Lewis, Matthews and Mintz. The opinion of the court was delivered by Lewis, P.J.A.D.
This consolidated proceeding embraces three appeals from four separate orders of the Law Division regarding the recent effort of the Citywide Independent League (C.I.L.) and the Community Action Council (C.A.C.), two civic and political organizations of the City of Jersey City (city), to recall the mayor and seven of the nine councilmen of the city. The matters here under review have come before us as the result of numerous motions and petitions seeking emergent relief, leave to appeal and the consolidation and acceleration of the several appeals involving the mayor and two ward councilmen.
In view of the complexity of the proceedings and particularly because the major issues raised are of first impression in this State, a recital of the significant events productive of this litigation is essential.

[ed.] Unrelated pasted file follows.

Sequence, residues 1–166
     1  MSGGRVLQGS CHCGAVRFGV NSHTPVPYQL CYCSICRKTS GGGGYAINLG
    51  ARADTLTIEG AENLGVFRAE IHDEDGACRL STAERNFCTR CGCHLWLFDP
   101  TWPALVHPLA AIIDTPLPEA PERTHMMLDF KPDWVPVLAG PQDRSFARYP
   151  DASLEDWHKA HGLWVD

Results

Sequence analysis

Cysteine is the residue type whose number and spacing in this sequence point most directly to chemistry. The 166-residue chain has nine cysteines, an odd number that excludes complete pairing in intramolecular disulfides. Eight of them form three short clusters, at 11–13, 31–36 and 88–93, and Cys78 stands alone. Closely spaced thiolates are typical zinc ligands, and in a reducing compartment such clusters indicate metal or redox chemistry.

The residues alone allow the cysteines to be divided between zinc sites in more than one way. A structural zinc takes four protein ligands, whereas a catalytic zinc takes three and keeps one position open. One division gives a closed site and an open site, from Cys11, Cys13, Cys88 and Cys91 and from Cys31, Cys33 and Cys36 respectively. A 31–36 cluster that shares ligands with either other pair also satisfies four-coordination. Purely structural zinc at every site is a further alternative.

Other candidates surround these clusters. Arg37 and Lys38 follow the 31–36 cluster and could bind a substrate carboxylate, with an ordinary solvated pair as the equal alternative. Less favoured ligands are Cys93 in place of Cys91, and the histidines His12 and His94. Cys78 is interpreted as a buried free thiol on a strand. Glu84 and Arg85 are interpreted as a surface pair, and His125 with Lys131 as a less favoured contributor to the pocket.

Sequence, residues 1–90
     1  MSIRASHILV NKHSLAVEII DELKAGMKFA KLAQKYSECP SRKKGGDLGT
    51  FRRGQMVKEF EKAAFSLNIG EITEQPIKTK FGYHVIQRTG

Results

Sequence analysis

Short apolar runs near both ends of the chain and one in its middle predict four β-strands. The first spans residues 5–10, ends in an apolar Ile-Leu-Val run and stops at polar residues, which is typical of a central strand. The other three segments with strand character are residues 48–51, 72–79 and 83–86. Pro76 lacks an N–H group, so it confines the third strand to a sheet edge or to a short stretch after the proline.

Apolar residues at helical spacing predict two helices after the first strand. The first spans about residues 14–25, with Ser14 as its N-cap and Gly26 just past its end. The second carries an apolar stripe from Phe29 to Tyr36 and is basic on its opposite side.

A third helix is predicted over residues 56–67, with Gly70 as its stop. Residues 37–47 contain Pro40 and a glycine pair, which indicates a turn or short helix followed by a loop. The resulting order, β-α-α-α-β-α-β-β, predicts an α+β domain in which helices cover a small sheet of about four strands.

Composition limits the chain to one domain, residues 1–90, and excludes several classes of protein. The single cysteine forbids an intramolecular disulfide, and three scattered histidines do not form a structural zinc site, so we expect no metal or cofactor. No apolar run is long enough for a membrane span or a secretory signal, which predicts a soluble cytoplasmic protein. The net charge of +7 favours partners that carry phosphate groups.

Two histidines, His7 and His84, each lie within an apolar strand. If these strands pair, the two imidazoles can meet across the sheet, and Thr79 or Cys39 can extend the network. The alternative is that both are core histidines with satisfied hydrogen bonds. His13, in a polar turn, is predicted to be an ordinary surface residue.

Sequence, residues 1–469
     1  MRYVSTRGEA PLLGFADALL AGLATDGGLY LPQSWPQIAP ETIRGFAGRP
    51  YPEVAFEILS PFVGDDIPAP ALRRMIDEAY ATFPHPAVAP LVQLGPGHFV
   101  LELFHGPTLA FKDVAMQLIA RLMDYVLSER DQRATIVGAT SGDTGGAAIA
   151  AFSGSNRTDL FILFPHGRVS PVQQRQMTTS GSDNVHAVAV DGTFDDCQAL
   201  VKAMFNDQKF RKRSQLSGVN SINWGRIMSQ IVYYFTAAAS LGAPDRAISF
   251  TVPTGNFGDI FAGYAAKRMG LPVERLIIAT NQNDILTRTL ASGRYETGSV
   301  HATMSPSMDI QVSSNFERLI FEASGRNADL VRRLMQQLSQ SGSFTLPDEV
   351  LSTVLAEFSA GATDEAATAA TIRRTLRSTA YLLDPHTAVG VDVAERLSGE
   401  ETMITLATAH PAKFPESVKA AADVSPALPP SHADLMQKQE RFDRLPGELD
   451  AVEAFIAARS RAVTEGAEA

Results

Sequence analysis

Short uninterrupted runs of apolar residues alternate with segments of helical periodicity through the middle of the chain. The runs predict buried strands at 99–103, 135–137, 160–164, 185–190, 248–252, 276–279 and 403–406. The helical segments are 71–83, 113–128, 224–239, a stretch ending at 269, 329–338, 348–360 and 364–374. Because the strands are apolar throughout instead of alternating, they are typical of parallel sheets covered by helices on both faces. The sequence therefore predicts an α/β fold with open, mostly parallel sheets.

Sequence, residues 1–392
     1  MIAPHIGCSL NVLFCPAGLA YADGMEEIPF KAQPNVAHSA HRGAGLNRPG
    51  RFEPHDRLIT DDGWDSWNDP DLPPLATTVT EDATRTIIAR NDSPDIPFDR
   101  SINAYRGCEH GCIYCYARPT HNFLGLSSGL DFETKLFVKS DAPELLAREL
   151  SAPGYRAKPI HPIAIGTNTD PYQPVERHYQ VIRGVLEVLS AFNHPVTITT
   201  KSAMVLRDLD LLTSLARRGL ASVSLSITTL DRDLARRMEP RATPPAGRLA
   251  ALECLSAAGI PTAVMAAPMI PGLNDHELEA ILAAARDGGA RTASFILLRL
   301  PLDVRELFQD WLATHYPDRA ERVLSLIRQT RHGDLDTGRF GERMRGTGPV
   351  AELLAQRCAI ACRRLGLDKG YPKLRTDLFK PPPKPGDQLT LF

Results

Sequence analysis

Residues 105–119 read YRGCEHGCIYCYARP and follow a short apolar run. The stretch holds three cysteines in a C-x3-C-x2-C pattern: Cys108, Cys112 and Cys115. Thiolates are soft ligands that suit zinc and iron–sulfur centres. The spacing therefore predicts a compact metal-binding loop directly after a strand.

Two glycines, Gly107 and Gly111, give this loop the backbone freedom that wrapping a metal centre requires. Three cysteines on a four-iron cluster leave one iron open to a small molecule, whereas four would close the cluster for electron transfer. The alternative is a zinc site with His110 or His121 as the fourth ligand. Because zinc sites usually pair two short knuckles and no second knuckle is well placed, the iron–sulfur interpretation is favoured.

On January 11, 1971 the C.I.L. filed a petition with Thomas F. X. Smith, the municipal clerk of the city (clerk), seeking the recall of Mayor Thomas J. Whelan, Ward Councilmen Thomas F. McGovern, Aniello R. Pecoraro, Francis Quilty and William Massa, and Councilmen-at-Large Thomas Flaherty, John Jaroski and John Kelaher. The latter five incumbents did not participate in these proceedings. The petition directed against Mayor Whelan was subscribed by 30,362 signatures. The petition directed against McGovern contained 5,945 signatures, and the petition directed against Pecoraro contained 3,384 signatures.